My babies, at long last
Wednesday 2 July 2014, 10.01pm HKT
6pm local time, 33°C (91°F), flamin’ hot and bothered
AT long last, I’ve finally found the two babies I’ve been searching God’s Green Earth for.
You got babies somewhere?!
How irresponsible could you be?!
(click images for full size)
These are the babies I’ve been searching high and low for.
Ga-ga-goo-goo baby fatso ballpoint pens, 65mm (2½ inches) in overall length.
Kugelschreiber (German). Stylo bille (French). Penna a sfera (Italian).
Got these for a tenner (US$1.29 or 75p UK) at the Salvation Army shop.
The Sally Ann peeps didn’t know what they were and had never seen the likes of them before.
The first one is blue resin with red spots like the Giant Red Spot on planet Jupiter.
Original retail market unknown.
I reckon it’s for Central and Eastern European markets, judging from the word “Papeteria” (‘stationery’ in Polish) and the German, French and Italian languages on the back of the packet.
The second one is bright red resin with dark blue spots like those molten wax lamps of the Swinging Sixties.
I like the red one more, but you lot probably knew that already.
They look like caricatures of my own Schoen ballpen.
(Sorry, didn’t have a banana handy for scale.)
Imagine me pulling out my full-size Schoen, and then a Migros.
Good for a larf, innit?
Happily, economically speaking, both my Schoen and the Migros use dirt-cheapo standard refills.
Middle pair — steel mini pens (ballpen and mechanical pencil) from Zebra of Japan,
with the Migros and Schoen for scale.
I’ve been looking for the Migros babies for well nigh on 20 years!
Gee-whizz, twenty years!
The last time I’d seen this exact kind of baby fatso pens was around 1990 in Ocean Terminal (on Kowloon side), for HK$560 each (US$72, £42 or €53) — outFQQNrageous.
Why are these made in the first place? Aren’t they a bit … tiny?
More importantly, why the hell do I want a baby fatso clickety-click ballpen?
That’s what the Sally Ann lady was asking me.
Prevention of punctured groins in young schoolkids.
In the not-too-long-ago olden days, young schoolchildren had all their writing materials provided for by the school, precisely to prevent that kind of accident from happening. Ergo, baby fatso pens for the literate kids.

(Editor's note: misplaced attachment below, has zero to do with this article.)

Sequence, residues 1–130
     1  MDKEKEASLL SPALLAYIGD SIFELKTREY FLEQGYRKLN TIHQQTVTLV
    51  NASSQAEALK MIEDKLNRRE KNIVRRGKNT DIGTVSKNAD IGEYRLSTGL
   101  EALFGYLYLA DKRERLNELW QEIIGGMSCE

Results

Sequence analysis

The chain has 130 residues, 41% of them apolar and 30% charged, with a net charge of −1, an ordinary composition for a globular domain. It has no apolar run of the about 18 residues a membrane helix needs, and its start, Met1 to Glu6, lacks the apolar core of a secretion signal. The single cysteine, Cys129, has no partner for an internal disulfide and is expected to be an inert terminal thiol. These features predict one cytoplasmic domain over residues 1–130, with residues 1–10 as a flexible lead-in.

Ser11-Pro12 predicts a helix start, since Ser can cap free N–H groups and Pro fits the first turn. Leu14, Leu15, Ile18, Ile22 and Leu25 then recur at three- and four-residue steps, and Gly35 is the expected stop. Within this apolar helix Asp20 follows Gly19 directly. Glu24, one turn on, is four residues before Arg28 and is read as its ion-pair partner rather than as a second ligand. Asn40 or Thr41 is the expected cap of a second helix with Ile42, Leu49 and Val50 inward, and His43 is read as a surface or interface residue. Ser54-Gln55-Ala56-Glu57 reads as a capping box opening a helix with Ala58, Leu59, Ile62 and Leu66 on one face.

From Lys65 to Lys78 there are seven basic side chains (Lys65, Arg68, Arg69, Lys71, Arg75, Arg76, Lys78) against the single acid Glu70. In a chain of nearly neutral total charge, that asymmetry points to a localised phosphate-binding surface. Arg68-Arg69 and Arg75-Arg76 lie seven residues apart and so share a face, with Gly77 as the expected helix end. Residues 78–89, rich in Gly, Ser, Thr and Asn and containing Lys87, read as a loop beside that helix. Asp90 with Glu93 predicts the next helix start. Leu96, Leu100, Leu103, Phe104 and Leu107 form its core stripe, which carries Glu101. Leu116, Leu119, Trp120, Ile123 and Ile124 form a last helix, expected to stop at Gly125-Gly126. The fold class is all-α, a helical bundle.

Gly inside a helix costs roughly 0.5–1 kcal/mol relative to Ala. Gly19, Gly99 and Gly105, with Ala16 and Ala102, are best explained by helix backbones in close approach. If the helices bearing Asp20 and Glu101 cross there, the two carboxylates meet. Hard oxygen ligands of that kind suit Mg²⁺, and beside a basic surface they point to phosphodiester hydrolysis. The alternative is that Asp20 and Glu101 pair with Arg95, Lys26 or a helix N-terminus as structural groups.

I’m not young, I’m no skoolbrat, and my groin is no more.
For the handbag or when in shirt-sleeve order.
Well-appointed ladies and gents in the old days usually had “mini pens” on them (like the stainless steel Zebras in the photo), especially in summertime. Cary Grant in “North By Northwest” (1959) was using a Zebra-style clutch pencil to write a secret message to Eva Marie Saint.
I don’t have a handbag, but I’m sometimes in shirt sleeves.
Good for jeans … and showing off.
By the 1980s, it became fashionable for young men to wear jeans with a dress shirt, tie and blazer. Baby fatso pens made of expensive-looking acrylic resin became a nicely pretentious way to show off.
“Are you actually going to use one of these things, ak-choo-ully?”
Probably not. “Heirlooms of the Future” I reckon.
- Ballpoint pen
- Clutch mechanism
- Acrylic resin holder/barrel
- Chromed furniture of base metal
- Overall length 65mm (2½ inches)
- Widest diameter 12mm (ca. ½ inch)
- Made in India
- Two pens per packet
- Original retail price unknown
- Distributed by Migros
Migros France S.A.
Migros Deutschland GmbH
Migros M-Infoline +41 0848 84 0848 (Switzerland hotline)
Website: www.migros.ch (German, French and Italian only, no English)
All images by me. Free to reuse and share.